A discharge flange 300 may be located on bottom side 150 of body portion 110, as illustrated in FIGS. 2 and 4. This flange is advantageously located on bottom side 150 due to the configuration of IBC 1 in the vicinity of discharge valve 8. Specifically, IBC 1 has a recessed or somewhat concave portion 310 of inner surface 20 in the vicinity of discharge valve 8, as depicted in FIG. 4. The location of discharge flange 300 on bottom side 150 allows for a desirable fit of body 110 to IBC 1 because recessed portion 310 alters an otherwise cubical nature of inner surface 20 of IBC 1 to cause a discharge opening 30 of IBC 1 to align with bottom side 150. Locating discharge flange 300 on bottom side 150 reduces or eliminates wrinkles in body 110 when liner system 100 is installed in a container having recessed portion 130, for example, IBC 1. This results in more efficient draining of stored material from liner system 100 and IBC 1.

Prior to installation of liner system 100 in IBC 1, discharge flange 300 may include a shape retaining member 305 to maintain a shape of flange 300 suitable for mounting to discharge valve 8, as illustrated in FIG. 5. For example, shape retaining member 305 may be a cardboard cylinder. A cord 307 may also be attached to discharge flange 300 to allow a user to manipulate and position discharge flange 300 by pulling cord 307 through discharge opening 30 in IBC 1. Discharge flange 300 can thus be positioned to extend out of discharge opening 30 in order to interact with discharge valve 8, as shown in FIG. 4.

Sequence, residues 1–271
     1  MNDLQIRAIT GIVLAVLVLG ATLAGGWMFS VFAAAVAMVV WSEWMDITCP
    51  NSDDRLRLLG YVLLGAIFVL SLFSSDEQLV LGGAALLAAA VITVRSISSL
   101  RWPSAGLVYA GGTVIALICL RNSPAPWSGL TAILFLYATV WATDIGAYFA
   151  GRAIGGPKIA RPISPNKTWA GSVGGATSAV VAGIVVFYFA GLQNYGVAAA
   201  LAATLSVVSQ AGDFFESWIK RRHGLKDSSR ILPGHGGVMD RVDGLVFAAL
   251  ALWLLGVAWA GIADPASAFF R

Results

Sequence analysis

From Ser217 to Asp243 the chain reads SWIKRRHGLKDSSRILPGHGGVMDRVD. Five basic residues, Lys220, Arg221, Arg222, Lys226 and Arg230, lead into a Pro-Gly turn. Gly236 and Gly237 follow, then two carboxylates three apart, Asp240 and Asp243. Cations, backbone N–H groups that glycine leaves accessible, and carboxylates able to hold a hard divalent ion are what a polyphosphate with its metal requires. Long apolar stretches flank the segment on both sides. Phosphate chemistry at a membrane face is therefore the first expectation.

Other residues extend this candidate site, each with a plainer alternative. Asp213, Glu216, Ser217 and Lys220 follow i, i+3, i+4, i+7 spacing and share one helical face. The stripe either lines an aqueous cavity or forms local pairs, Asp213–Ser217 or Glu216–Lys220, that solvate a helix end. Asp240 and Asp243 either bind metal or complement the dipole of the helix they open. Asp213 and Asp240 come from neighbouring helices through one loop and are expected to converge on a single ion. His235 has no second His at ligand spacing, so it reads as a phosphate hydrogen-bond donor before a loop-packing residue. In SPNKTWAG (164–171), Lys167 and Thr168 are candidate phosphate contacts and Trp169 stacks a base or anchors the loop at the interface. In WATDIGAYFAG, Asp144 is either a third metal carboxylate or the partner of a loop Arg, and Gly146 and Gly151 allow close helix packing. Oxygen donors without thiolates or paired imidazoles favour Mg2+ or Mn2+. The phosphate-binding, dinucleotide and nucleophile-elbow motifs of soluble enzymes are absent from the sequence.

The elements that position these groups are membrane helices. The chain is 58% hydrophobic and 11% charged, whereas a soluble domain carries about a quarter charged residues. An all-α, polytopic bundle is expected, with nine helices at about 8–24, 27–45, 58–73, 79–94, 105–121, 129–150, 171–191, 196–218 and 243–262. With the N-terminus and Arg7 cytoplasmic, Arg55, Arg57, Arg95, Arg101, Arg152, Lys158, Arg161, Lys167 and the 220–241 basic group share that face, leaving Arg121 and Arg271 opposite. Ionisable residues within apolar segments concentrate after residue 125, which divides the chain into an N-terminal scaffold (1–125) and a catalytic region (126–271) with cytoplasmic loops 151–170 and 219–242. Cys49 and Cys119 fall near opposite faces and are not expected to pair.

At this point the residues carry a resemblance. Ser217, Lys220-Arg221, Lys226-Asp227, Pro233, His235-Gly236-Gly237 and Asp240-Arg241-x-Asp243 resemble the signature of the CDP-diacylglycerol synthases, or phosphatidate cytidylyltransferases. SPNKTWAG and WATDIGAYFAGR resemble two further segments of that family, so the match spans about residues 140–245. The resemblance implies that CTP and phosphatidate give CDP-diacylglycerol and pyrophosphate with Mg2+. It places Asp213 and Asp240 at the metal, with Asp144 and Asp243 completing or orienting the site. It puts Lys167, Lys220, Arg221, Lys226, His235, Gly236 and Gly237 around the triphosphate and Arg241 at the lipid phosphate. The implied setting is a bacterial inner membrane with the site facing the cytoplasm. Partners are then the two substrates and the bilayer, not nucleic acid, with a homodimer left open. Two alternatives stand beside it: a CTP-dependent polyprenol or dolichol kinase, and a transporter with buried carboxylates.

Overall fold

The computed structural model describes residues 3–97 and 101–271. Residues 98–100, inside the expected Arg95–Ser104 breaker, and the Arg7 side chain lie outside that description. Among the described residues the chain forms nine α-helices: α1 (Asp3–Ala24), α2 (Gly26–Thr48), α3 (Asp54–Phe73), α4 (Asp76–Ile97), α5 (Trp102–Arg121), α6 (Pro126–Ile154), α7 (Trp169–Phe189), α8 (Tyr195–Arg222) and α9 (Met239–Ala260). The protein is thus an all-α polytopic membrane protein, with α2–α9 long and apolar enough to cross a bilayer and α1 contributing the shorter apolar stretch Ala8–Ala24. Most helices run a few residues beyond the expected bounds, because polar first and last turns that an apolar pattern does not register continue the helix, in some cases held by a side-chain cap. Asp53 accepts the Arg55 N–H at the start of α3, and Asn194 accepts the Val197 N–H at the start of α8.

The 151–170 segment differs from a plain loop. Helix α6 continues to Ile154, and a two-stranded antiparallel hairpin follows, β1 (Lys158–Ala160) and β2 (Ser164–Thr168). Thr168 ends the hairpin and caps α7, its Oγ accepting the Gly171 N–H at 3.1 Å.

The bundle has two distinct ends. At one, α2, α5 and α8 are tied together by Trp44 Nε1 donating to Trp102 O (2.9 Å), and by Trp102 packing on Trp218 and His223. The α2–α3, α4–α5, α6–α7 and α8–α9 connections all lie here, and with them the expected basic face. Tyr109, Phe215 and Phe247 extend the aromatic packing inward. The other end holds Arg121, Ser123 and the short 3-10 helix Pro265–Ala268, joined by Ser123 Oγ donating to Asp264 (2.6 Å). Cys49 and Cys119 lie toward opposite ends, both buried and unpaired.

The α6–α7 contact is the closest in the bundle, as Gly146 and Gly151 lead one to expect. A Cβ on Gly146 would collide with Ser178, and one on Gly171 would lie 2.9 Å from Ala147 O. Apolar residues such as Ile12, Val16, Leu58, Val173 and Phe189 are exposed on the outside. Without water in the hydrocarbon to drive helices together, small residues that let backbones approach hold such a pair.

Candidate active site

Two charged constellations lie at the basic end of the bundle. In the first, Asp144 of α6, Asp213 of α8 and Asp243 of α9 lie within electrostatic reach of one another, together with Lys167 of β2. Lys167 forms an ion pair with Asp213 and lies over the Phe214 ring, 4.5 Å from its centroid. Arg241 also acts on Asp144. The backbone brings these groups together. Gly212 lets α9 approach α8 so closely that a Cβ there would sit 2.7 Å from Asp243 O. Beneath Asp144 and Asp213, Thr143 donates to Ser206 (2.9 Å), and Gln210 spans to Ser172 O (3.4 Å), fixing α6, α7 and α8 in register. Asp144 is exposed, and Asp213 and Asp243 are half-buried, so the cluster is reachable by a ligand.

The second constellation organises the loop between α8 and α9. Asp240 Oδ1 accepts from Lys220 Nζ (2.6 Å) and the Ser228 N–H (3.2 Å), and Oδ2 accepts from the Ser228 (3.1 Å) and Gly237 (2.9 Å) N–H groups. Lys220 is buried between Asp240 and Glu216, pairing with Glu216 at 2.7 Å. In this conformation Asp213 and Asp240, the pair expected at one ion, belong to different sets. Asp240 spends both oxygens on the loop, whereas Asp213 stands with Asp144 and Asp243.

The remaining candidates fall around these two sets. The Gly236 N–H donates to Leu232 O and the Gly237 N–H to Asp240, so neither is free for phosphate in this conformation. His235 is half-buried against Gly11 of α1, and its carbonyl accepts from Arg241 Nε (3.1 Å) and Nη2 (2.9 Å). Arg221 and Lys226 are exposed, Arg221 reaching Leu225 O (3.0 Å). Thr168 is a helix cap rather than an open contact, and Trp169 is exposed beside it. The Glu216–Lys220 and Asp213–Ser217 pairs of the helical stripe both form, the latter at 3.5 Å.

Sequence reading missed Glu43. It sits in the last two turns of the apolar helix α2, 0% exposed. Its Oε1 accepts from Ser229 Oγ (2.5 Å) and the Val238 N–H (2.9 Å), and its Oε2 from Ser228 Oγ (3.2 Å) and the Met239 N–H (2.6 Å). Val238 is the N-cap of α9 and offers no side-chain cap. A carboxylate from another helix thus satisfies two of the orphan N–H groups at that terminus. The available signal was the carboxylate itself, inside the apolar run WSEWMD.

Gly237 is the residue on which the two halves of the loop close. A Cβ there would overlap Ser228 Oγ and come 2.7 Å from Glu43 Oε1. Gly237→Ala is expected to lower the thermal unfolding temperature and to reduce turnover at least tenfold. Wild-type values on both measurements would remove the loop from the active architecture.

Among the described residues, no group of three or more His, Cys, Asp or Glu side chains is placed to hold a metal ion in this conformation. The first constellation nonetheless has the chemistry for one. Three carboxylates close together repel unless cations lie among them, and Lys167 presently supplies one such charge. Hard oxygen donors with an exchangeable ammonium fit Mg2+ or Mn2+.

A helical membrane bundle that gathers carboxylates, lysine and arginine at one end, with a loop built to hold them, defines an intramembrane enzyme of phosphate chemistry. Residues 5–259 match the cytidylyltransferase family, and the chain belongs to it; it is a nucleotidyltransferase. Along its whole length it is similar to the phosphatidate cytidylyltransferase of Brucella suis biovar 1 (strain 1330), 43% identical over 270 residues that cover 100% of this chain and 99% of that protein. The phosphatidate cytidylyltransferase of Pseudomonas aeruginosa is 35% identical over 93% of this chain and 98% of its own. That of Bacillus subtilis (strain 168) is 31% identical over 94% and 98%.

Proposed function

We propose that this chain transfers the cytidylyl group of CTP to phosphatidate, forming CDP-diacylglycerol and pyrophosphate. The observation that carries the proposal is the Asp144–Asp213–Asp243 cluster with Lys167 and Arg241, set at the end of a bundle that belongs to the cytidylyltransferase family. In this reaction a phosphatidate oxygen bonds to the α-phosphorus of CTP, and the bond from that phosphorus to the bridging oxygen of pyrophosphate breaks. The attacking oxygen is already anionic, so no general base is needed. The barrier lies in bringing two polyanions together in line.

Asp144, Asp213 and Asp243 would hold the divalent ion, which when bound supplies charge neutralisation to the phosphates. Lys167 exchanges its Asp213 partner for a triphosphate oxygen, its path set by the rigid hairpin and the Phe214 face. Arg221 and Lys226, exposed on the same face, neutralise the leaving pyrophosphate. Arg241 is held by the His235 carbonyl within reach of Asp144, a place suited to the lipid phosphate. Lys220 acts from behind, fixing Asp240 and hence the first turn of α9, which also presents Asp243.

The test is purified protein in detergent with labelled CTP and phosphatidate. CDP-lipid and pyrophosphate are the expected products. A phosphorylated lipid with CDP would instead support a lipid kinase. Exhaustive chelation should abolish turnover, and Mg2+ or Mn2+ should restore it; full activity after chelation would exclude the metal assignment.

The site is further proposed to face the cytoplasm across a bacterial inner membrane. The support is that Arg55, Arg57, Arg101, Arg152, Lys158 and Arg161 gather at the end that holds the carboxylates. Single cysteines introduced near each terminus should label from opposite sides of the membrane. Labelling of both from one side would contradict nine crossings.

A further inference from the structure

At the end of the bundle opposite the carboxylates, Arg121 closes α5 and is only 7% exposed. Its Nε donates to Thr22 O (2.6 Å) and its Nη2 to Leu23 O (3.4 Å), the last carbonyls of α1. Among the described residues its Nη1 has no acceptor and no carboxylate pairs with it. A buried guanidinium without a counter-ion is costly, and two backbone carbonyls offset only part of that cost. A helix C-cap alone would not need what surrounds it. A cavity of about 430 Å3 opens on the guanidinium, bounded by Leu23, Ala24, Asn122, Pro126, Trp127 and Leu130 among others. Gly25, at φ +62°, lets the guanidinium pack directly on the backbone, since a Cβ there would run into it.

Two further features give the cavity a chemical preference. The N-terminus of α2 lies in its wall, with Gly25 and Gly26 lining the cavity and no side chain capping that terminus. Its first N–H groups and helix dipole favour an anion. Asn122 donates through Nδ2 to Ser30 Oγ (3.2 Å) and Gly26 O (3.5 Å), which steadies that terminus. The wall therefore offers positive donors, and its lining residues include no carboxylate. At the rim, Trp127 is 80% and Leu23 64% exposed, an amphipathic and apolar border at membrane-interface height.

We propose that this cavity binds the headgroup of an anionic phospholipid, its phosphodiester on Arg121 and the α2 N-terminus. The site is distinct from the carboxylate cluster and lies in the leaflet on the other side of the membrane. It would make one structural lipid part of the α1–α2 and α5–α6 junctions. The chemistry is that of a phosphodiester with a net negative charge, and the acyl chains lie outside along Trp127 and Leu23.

FIG. 6 illustrates another embodiment of a liner system 400 for a container which includes a body portion or body 410 adapted to be located in and conform to a shape of an inner surface of a container, for example, IBC 1. A neck 420 is attached to a top side 455 of body 410 and an air entry valve 415 is located on neck 420 to allow fluid communication between an inside surface 414 and an outside surface 416 of neck 420.

Body 410 includes a top flange 430 attachable to a sealable cap 435 located in an interior space enclosed by neck 420. Cap 435 and top flange 430 thus provide a seal to reduce or eliminate infiltration of ambient air into body 410 through top side 455. Alternatively, a top flange 431 and a sealable cap 436 might be located to provide a seal across a section of neck 420, while still allowing air entry valve 415 to provide fluid communication between inside surface 414 and outside surface 416 of neck 420, as illustrated in FIG. 7.

Returning to FIG. 6, because system 400 is sealable through cap 435, it is useful for containing materials that may be sensitive to air or moisture. In prior art liner systems and containers used without liners, a first liquid is often filled to a certain point and a skimmer liquid is added on top of the first liquid. The skimmer liquid prevents ambient air from contacting the first liquid, as air enters the top of the liner or container to replace liquid exiting out a discharge valve, and potentially curing it prematurely. For example, road paint might utilize a skimmer liquid to prevent ambient air from curing it before it is removed from the liner or container.